When the May 12, 1956 issue of Billboard magazine hit newsstands, its pages cataloged a monumental shift in the charts. The issue reported the chart positions for the week ending May 2, 1956, with the usual suspects of the era holding steady positions in the Top 10 of the pop charts: Elvis Presley, Carl Perkins, Little Richard, Frankie Lymon and the Teenagers and the Platters, among them. More telling, however, was the fact that each of those five artists also had singles in the Top 10 of the R&B charts. The chart positions reflected greater sociological movements in the United States, to wit the burgeoning civil rights movement, and an emerging respect for African American culture and identity as being truly American, but there would be a backlash. 

Presley had signed with RCA Victor in 1956, and his first release under his new label was "Heartbreak Hotel." Producer Steve Sholes had worked to recapture the "Sun sound" for "Heartbreak," enlisting guitarist Scotty Moore, bassist Bill Black, drummer DJ Fontana, guitarist Chet Atkins, pianist Floyd Kramer and three members of the Jordanaires on backing vocals. On May 2, 1956, the song was at Number One on the Billboard pop ...


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Meshell Ndegeocello Live at the Rock Hall

Thursday, February 16: 4:30 p.m.
Posted by Rock Hall
Meshell Ndegeocello

Since her debut album in 1993, songwriter, vocalist and multi-instrumentalist Meshell Ndegeocello has been creating music on her own terms, simultaneously challenging and engaging listeners by deftly drawing from an eclectic songbook and delivering powerful reflections on race, love, sex, betrayal, power and religion. Her nine albums illustrate a creative versatility and singular aesthetic that has embraced everything from rock to hip hop, R&B to new wave, funk to punk, reggae to jazz. Her work has been met with critical accolades and fan acclaim, and her proficiency on the bass has brought her signature warm, fat, melodic groove not only to her own performances, but also to those of the Rolling Stones, Madonna, Alanis Morrisette, James Blood Ulmer, the Blind Boys of Alabama, Tony Allen, John Medeski, Billy Preston and Chaka Khan. Ndegeocello best characterizes her particular brand of playing: "Genres are for commercial purposes and music is a continuum like everything else. My style is explorative, searching, personal, and it grows and changes as I do."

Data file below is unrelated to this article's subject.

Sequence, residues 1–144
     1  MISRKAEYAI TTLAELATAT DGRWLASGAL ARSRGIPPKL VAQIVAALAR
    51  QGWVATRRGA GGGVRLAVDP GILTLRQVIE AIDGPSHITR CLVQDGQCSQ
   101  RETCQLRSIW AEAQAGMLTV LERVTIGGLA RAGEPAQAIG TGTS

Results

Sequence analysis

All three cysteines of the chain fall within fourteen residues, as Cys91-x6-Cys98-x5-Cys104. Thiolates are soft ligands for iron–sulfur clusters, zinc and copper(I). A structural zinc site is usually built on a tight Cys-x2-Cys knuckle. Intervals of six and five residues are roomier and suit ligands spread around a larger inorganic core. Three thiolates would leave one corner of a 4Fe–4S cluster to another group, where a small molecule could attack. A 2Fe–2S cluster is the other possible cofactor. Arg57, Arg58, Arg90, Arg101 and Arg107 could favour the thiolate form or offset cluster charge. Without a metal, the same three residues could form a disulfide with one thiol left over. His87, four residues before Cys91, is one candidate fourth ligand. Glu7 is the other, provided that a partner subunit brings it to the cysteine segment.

Born Michelle Johnson in Berlin, Germany, Ndegeocello spent her formative years in Virginia, cultivating her musicality during the late Eighties while working the go-go circuit in Washington, D.C. In the ...


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Songs That Shaped Rock and Roll: "Let's Talk About Sex"

Wednesday, February 15: 3:30 p.m.
Posted by Rock Hall
Salt-n-Pepa's "Let's Talk About Sex" is one of the Songs That Shaped Rock and Roll

On February 15, DJ Spinderella of Salt-n-Pepa will participate in an interview and lead a DJ demonstration performance as part of the Rock and Roll Hall of Fame and Museum's Ladies First: Celebrating African-American Women Who Rock  programming throughout Black History Month. The event starts at 7 pm, and will be viewable via live stream here.

Back in 1988, John McCready wrote in England's New Musical Express: "After Salt-n-Pepa, women in rap don't need to act like men in reverse. They have created a space of their own and the future is wide open." They were prophetic words as more than 25 years after their debut single, "The Show Stopper," Salt-n-Pepa rank among the most successful female groups in hip-hop history. Sandy "Salt" Denton, Cheryl "Pepa" James and DJ Spinderella (Dee Dee Roper) created an impressive string of best-sellers, capped by 1991's "Let's Talk About Sex" (Blacks' Magic) – an upbeat pop-rap song that expressed surprisingly frank and thoughtful opinions about the dangers of HIV/AIDS, media censorship of sexual imagery and the complex emotions bound up with the physical act (Let's tell it how it is, and how it could be / How it ...


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Songs That Shaped Rock and Roll: "Jim Dandy"

Wednesday, February 8: 3 p.m.
Posted by Rock Hall
LaVern Baker's "Jim Dandy" is one of the Songs That Shaped Rock and Roll

Employing more aliases than a con artist, 1991 Rock and Roll Hall of Fame Inductee LaVern Baker was born Delores Williams in 1929. The niece of blues great Memphis Minnie, she took the name of Little Miss Sharecropper for her first professional engagements in 1946. The early Fifties found her cutting tracks as Bea Baker; finally, joining the Todd Rhodes Orchestra in 1952, she began calling herself LaVern Baker. It wasn't until the next year, however, when she joined Atlantic Records, that this exuberant belter hit her stride. Working with master Atlantic producers Ahmet Ertegun and Jerry Wexler, and backed by killer players like saxophonists Sam Taylor and King Curtis, guitarists Mickey Baker and Bucky Pizzarelli, drummer Connie Kay and pianist Hank Jones, she reeled off a string of sexy, high-spirited hits: "Tweedle Dee," "Bop-Ting-a-Ling," "I Cried A Tear" and her signature song "Jim Dandy." The latter tale of a gentleman given to helping ladies in trouble was penned by Lincoln Chase and given an energetic R&B punch by Baker in 1956. Initially released as a single, the song also appeared on Baker's second LP, LaVern Baker (1957). "Jim Dandy" was given a Southern rock re-working ...


continue Categories: Hall of Fame, Inductee, Exhibit, Songs That Shaped Rock and Roll